Part of the fun the Ouya console will be the homebrew mods.
The Ouya console - backed 63,416 to the tune of nearly 8.5 million dollars - will allow you to play Android based games on your HDTV. The Ouya team is betting the open-source programming of Android will empower the gaming community to unlock the power of HD gaming from the current console manufacturer's shackles. But on top of that, creative types will be able to use the processing power of the Ouya to play a huge library of older games using emulation software - like one guy who uses the YouTube handle blackoutworm to get Mario 64 running on the Ouya devkit he received last week.
According to the Ouya Kickstarter page, the devkits were shipped out on December 28, 2012. Blackoutworm said the kits come with some tools, but he had to do some jiggery-pokery to get the Mario game from 1996 to work. Even then, there were some issues with the gameplay itself.
"As you can see at the beginning, the operating system (Android) can be a bit lagy and jerky from time to time," said blacoutworm. He also was a bit cautious in endorsing the Ouya for the regular consumer. "This is an okay console. Great for emulators and perfect as a Smart TV. But if you are a gamer, this is not a console for you unless you love to customize and upgrade things. If that's your thing, then this is the perfect toy for you."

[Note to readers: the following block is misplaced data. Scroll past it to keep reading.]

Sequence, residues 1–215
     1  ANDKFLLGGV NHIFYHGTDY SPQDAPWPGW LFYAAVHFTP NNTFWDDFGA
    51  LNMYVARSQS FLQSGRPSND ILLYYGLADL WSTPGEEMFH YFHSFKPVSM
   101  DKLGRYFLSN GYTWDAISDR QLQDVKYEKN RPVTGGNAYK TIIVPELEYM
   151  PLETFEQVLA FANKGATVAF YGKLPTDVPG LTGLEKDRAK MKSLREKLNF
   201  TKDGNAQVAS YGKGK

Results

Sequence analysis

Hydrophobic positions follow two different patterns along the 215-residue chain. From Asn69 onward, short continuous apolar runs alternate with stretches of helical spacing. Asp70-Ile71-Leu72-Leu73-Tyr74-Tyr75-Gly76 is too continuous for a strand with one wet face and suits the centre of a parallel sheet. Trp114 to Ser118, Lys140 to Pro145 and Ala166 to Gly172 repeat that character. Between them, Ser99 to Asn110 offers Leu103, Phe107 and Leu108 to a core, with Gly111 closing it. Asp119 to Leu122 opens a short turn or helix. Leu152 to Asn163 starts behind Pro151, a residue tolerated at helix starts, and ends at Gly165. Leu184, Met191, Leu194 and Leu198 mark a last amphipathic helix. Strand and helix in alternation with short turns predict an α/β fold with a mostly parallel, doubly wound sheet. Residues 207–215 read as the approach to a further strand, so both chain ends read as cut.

I'm also a bit curious as to the legality of running emulators to play games without paying for them. That's piracy, as far as I can tell, especially since blackoutworm also posted videos of the Ouya playing the latest Need for Speed. Blackoutworm and those like him may not get to tinker as much as they would like without nice gentlemen with nightsticks knocking on their door. It may be cool tech to get it to work but I doubt EA would look kindly upon their big releases being played for free on an Android console. Be warned.
The retail version of the Ouya will be sent out this March to its Kickstarter backers with a possible sale to other outlets after that.